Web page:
On 20 May 2020 an important new law came into force. It is officially called the Organ Donation (Deemed Consent) Act 2019 and details can be found here: http://www.legislation.gov.uk/ukpga/2019/7/contents/enacted
It will however be informally known as “Max and Keira’s Law” after a boy whose life was saved when he received the heart of a nine-year-old girl who died in a car crash.
It will change the present situation, whereby you have to make a positive decision to donate organs or other body parts after death, so that now, all adults in England to be deemed organ donors unless they “opt-out”. Consent for organ donation will be presumed unless the individual opts out, or unless family intervenes. Legally, your body is no longer yours after death, but belongs to your family, which is why they can make that decision. However, it is hoped that the vast majority of families will allow organ donation if there is no opt out provision, thus saving at least hundreds of lives more a year.
Statistics show that approximately 80% of adults in England say they would donate, but fewer than 40% have actually registered to do so. You can still make that decision for yourself prior to death, but this time you need to make a positive decision NOT to donate rather than to donate.
How do you opt out?
If you do not wish to donate, you will need to record your decision on the NHS Organ Donor Register.
There is no deadline for doing so, but obviously it would have to be prior to death if you want it to be YOUR decision. If you later request that your details are withdrawn from the register, the organ donation decision you had previously recorded – whether to donate or not to donate – will be removed from the NHS Organ Donor Register along with your personal details. This will mean that there is no longer any recorded decision for you on the register. If there is no recorded decision for you, it will be considered that you agree to donate your organs after death unless you are in an “excluded group”. Family consent will still be required for organs or tissues to be retrieved, both out of consideration for the family, and to make sure additional relevant information is gathered.
In Wales, which introduced the system in 2015, donations have risen from 58% to 75%.
Probably the best known and most needed category is for internal organs, but the need for tissues, particularly corneas, is also urgent. Apparently 20 corneas are needed every day. There is also a need for heart valves, tissue for skin grafts, especially following disasters. The London Olympics set up a huge store in case of a terrorist incident.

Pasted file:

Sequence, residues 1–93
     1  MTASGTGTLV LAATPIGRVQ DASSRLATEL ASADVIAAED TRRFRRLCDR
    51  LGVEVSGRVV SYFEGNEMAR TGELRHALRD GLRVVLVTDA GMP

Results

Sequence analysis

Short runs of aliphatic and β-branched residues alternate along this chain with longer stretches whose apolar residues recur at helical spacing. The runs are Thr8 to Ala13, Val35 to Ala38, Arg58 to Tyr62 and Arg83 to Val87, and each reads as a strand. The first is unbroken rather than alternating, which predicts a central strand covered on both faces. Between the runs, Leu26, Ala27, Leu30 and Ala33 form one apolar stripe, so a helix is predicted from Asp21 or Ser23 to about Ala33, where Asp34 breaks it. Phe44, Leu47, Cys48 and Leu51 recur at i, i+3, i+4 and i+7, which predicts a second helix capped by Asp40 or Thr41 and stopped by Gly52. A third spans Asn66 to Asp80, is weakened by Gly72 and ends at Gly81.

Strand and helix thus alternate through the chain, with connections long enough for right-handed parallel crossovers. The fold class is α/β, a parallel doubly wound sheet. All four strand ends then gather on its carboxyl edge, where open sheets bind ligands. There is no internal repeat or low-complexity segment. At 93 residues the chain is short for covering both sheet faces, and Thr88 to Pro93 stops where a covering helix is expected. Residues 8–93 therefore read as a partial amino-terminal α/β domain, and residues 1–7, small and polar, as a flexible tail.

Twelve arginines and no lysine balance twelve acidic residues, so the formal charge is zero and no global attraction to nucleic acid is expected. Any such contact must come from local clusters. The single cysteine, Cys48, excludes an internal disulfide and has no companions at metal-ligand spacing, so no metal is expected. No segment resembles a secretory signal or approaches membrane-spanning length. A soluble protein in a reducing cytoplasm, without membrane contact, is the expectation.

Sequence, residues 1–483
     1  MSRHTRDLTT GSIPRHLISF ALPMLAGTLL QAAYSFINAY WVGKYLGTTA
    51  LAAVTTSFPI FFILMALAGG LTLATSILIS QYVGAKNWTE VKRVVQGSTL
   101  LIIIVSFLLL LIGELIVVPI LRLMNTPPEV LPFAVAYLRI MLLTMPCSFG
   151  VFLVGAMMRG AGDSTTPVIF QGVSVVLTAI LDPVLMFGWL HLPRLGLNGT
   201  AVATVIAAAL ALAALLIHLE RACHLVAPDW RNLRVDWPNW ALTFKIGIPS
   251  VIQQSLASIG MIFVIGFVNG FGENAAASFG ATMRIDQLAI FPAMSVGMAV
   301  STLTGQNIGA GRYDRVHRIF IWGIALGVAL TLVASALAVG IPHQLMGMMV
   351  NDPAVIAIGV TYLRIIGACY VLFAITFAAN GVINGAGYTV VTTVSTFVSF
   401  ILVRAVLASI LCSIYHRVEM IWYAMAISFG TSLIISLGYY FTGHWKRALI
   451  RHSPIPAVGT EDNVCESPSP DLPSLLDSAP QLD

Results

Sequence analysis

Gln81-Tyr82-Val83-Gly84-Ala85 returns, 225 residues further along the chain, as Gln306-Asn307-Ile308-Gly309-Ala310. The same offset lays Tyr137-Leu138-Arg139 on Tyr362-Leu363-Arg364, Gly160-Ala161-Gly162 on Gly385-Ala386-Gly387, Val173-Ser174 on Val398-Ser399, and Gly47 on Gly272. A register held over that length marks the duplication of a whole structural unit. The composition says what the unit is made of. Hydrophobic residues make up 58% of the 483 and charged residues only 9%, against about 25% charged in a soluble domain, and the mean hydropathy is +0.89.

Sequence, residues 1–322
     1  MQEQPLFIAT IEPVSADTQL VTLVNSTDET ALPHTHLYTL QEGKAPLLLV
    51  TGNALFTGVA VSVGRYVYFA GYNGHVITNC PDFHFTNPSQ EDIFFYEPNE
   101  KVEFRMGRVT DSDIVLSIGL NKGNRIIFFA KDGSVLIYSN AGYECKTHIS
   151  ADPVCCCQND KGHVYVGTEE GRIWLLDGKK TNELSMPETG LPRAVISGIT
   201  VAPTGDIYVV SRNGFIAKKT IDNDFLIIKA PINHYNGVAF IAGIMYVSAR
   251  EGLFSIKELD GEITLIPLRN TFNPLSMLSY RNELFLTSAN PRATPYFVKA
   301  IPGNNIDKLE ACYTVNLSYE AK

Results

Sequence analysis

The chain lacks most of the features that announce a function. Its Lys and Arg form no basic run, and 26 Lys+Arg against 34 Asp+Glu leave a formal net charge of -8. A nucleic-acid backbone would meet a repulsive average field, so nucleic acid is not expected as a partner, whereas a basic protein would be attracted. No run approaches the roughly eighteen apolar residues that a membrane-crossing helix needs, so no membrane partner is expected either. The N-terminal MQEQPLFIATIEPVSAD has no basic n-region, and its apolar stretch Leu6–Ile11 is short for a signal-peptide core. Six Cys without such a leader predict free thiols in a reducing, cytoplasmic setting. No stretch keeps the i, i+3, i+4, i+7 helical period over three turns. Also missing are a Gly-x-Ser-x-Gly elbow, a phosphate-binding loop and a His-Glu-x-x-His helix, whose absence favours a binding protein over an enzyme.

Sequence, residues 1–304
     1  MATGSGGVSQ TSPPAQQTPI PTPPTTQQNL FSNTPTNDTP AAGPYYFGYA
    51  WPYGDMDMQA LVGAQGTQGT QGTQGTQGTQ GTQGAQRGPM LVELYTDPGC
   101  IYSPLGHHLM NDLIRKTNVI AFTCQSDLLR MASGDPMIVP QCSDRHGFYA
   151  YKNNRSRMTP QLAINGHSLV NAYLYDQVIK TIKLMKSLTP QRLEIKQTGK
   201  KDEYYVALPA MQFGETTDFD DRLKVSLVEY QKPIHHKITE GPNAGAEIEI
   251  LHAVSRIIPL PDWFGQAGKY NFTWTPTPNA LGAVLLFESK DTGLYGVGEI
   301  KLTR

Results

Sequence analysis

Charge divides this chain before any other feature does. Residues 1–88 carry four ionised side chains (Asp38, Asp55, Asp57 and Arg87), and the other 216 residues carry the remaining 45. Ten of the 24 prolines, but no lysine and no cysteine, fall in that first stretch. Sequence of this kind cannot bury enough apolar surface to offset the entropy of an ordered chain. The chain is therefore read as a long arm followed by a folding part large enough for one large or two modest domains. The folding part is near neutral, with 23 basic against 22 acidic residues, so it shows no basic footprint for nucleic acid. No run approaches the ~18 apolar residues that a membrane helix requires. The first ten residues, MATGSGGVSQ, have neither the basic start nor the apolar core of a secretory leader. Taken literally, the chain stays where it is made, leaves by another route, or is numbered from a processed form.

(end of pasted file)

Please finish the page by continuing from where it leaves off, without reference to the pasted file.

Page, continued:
Donations can come from living donors, such as bone or bone marrow (there is a specific register for this) and “artificial tears” produced from blood serum can also be required.
Tissues and organs normally have to be taken within 24 hours of death and a donee with the right match swiftly identified. Those on the waiting list have to be prepared for an organ to become available at very short notice and need to be able to get to hospital very quickly. Organs and tissues are often couriered by motorbike or even helicopter at high speed to the location.
Although the need is there and many people’s lives can be saved as a result of donations, it has to be one of the most difficult requests a doctor has to make of newly- bereaved families, especially as the most suitable donors may have died young or in tragic circumstances. But it has to be done because of the time factor. With the presumed consent to donation, this may spare families this difficult decision at a time they are least prepared to make it.
It is fair to say that not everyone agrees with the new law. There are those who think the law should have remained as it was with positive and not deemed consent.
But you can still make that decision for yourself. It can still be a personal decision. It is often the case that you don’t really know how you would feel unless and until you were in the position of someone needing a donated organ; not a position we would want anyone to be in.
But it does happen. Families can and do look upon it as still having a part of the deceased with them and they literally do have that. But they will also have the gratitude of the people and their families whose lives were saved and the thought that at least some good has come out of their sad loss.